• 17. The first National WaterPlan describes all na-tional water manage-ment activities in theNetherlands for the2009-2015 planningperiod. It also outlinesthe central government’slonger-term ambitions insustainable and climate-resistant flood protec-tion and defense andfreshwater supply. Illustratie © Bureau StromingCould you give examples of the Dutch water Tomorrow’s water leaders study at UNESCO-sector learning from practices abroad? IHE, what message do you have for them? We have been seeking help in China to find out I think good leadership means being authentic, havinghow strong the dykes along the largest lake in the your own story to tell. Furthermore, leadership entailsNetherlands, the IJsselmeer, should be. Since 2006, we involving the people you work with by listening andhave been cooperating with our Chinese colleagues on openly communicating to them. I believe in the conceptthe Taihu Lake, monitoring the surge flow. This lake is of value creation, meaning that in decision-making proc-very similar to the IJsselmeer, although many typhoons esses with every step you take you ask yourself whetheroccur on the Taihu Lake. As a result, we can quickly it contributes to the creation, or the destruction, of value.gain crucial knowledge about surges and storms on the Within this process it is important to aim for mutualIJsselmeer. Another example is Indonesia, where many benefits by assessing views and weighing the interestsnatural hazards such as cyclonic storms occur. They of all parties involved. I believe that this approach willhave a wealth of experience with human behaviour in ultimately lead to finding the most cooperation, progressthese situations which has helped them to better instruct and sustainable development.their citizens on how to act in these situations. TheNetherlands can learn from this.Is the Netherlands preparing for the worst? Although we still consider the Netherlands to bea very safe delta area, we are thinking beyond what NEW INITIATIVES | Dutch Delta Design 2012needs to be done to prevent the country from floods.Of course, flood protection has our main focus but since Tempting the world with waterwe can never guarantee one hundred percent safety, we Dutch Delta Design 2012 is a new ambitious project to position the Netherlands as a globalstudy what-if scenarios and make strategies for these platform for water. The project was launched on 1 July 2009 and aims to share knowledge andsituations. expertise between countries, thereby providing a means for the Dutch to strengthen their lead- ing position on global water expertise in an international arena.Getting back to collaboration with other Dutch Delta Design 2012 or DDD2012 is located within the Netherlands Waterdelta areas, do you see a role for UNESCO- Partnership organization (NWP), an independent coordinator and information source for theIHE and its network of partners? Dutch water sector. The DDD2012 board consists of NWP professionals, as well as experts I think that the alumni of UNESCO-IHE in particular from other Dutch organisations, such as the Dutch Ministry of Transport, Public Works andcan help us to build bridges between Dutch organizations Water Management. Currently, DDD2012 includes 30 project partners, ranging from govern-and their counterparts elsewhere in the world. When we mental organizations, including Water Boards and the Dutch Ministry of Economic Affairs, toinvestigated the delta areas in search of cooperation op- private organizations, such as IBM Benelux and the Technical University of Delft.portunities, we talked with many UNESCO-IHE alumni.I noticed the openness and friendliness of our discus- Living in a Deltasions and, in particular, the keenness from both sides to The term ‘Delta’ in Dutch Delta Design 2012 refers to the Netherlands being a delta in whichcooperate. several rivers, such as the Rhine and the Maas, come together before reaching the sea. Living in a delta requires the Dutch to factor water into their everyday lives. Dutch Delta Design 2012 aims to show other countries in the world how this is done by providing best practices on creat- ing a stable and safe water environment for its inhabitants. W www.ddd2012.nl UPDATE UNESCO-IHE | DEC 2009 – JAN 2010 | 17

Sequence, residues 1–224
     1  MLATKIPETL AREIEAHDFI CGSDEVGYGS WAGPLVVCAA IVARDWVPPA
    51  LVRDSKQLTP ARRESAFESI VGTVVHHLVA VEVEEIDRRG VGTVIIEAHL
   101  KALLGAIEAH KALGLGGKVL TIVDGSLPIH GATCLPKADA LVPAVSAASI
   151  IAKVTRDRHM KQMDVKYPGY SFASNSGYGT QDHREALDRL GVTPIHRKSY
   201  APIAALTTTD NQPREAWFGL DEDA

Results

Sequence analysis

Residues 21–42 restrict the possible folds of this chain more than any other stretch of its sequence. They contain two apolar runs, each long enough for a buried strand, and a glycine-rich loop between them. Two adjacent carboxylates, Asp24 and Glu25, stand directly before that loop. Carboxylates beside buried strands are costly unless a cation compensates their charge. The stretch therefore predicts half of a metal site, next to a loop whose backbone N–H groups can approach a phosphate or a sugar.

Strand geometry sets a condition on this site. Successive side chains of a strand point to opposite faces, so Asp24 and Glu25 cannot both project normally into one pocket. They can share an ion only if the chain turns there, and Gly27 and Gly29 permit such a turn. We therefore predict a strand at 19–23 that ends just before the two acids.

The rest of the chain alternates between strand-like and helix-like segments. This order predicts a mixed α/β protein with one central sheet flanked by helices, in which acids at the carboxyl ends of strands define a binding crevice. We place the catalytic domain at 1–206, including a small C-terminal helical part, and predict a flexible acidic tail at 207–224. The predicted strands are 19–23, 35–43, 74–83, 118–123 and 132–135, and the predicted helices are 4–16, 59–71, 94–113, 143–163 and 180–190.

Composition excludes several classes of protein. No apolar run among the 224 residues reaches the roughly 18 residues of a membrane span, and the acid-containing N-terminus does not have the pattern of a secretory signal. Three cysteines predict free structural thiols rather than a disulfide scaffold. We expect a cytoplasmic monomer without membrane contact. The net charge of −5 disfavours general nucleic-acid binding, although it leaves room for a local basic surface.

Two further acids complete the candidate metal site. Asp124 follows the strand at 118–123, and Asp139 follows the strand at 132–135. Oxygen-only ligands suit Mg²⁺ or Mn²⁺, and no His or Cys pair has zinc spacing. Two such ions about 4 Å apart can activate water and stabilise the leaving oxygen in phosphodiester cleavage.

• 18. alumni | Regional Refresher Seminar A Refresher Seminar entitled ‘The Ecology of Livelihoods in African Wetlands’ was held in Kenya at the end of August for UNESCO-IHE alumni in Sub- Saharan Africa. Thirty-three participants from 12 countries took part. The semi- nar was organised in close collaboration with the Department of Biological Science of Egerton University and the Eastern Africa Water Association.UNESCO-IHE organisesannual refresher seminarsin Europe, Africa, Asia,Latin America and theMiddle East, primarily forUNESCO-IHE alumni. Theseminars cover themes thatare of direct relevance andimportance to the regionand the participants. Thegoal of these seminars isto facilitate an exchangeof experiences betweenalumni from differentcountries facing similarissues and problems in their The Ecology ofprofessional capacities,strengthen relationships,and to adapt and improvethe approaches and contents Livelihoods inof UNESCO-IHE courses onthe basis of the experiencesand practices of profession-als working in developingcountries. Opportunities will African Wetlandsalso be explored to establishand strengthen local andregional knowledge centresthat are part of regional andglobal networks for capacitybuilding in water, environ-ment and infrastructure. phd researCh on The ‘Ecology of Livelihoods’ con- A session on policy making for wetlands was chaired by Mr. cept is based on the notion that ecology and livelihoods are Paul Mafabi, Commissioner of the Wetlands Management strongly linked. ‘Ecology’ in this case represents natural eco- Department of the Ugandan Ministry of Water and systems (e.g. wetlands) with their biodiversity, water, nutri- Environment. Other organisations present included the ent and energy cycles. ‘Livelihoods’ represents the develop- Kenya Wildlife Service represented by Dr James Njogu, the ment of human societies. National Environmental Management Authority represent- ed by Ms Miriam Wainaina, and WaterNet represented by need for susTainabiliTy In Africa and elsewhere, Dr. Innocent Nhapi. people’s livelihoods are often directly dependent on wet- lands, notably through the provision of food, water and field visiT After introductions by UNESCO-IHE biomass. Because of the human usage of wetlands for liveli- alumna Dr. Margaret Abira of the Kenyan Water Resources hoods, wetlands are under pressure and in many cases show Management Authority and others, participants got their signs of degradation or decline. The relationship between feet wet in the papyrus wetlands during a field visit to the ecology and livelihoods is affected by a multitude of natu- Nyando Wetland in Kisumu, at the edge of Lake Victoria. ral factors, such as climate change, for example, but also The trip was hosted by VIRED International, a Kisumu- by socio-economic and institutional influences. The large based non-governmental organisation. VIRED International number of activities in the wetlands (agriculture, fishing, has been active in wetland conservation and sustainable papyrus harvesting, livestock grazing) underscores the need management projects in the Nyando wetlands for almost for sustainable management solutions for these wetlands. ten years. Dr. J.B. Okeyo-Owuor, VIRED Director and na- tive to the Nyando wetland, showed the participants around presenTaTions Professor Jude Mathooko, Deputy- his home area. Vice Chancellor for Research and Extension at Egerton University, officially opened the seminar. He welcomed folloW-up aCTions As a follow-up activity to this the participants to Kenya and expressed his support for re- seminar, participants agreed to develop papers on case stud- search projects and capacity building for the wetlands. This ies presented at the seminar. Input from the participants was followed by a number of presentations about innova- will be used in the forthcoming publication entitled Ecology tive research methods for wetlands: Bayesian Networks of Livelihoods in African Wetlands. It is expected that this by Dr. Julius Kipkemboi, SWAT modelling by Dr. Ann publication will provide a focus for continued interaction van Griensven, and Environmental Water Allocation by and collaboration with this group of wetland professionals Professor Jay O’Keeffe. in the coming year. ¡ Anne van Dam, a.vandam@unesco-ihe.org18 | UPDATE UNESCO-IHE | DEC 2009 – JAN 2010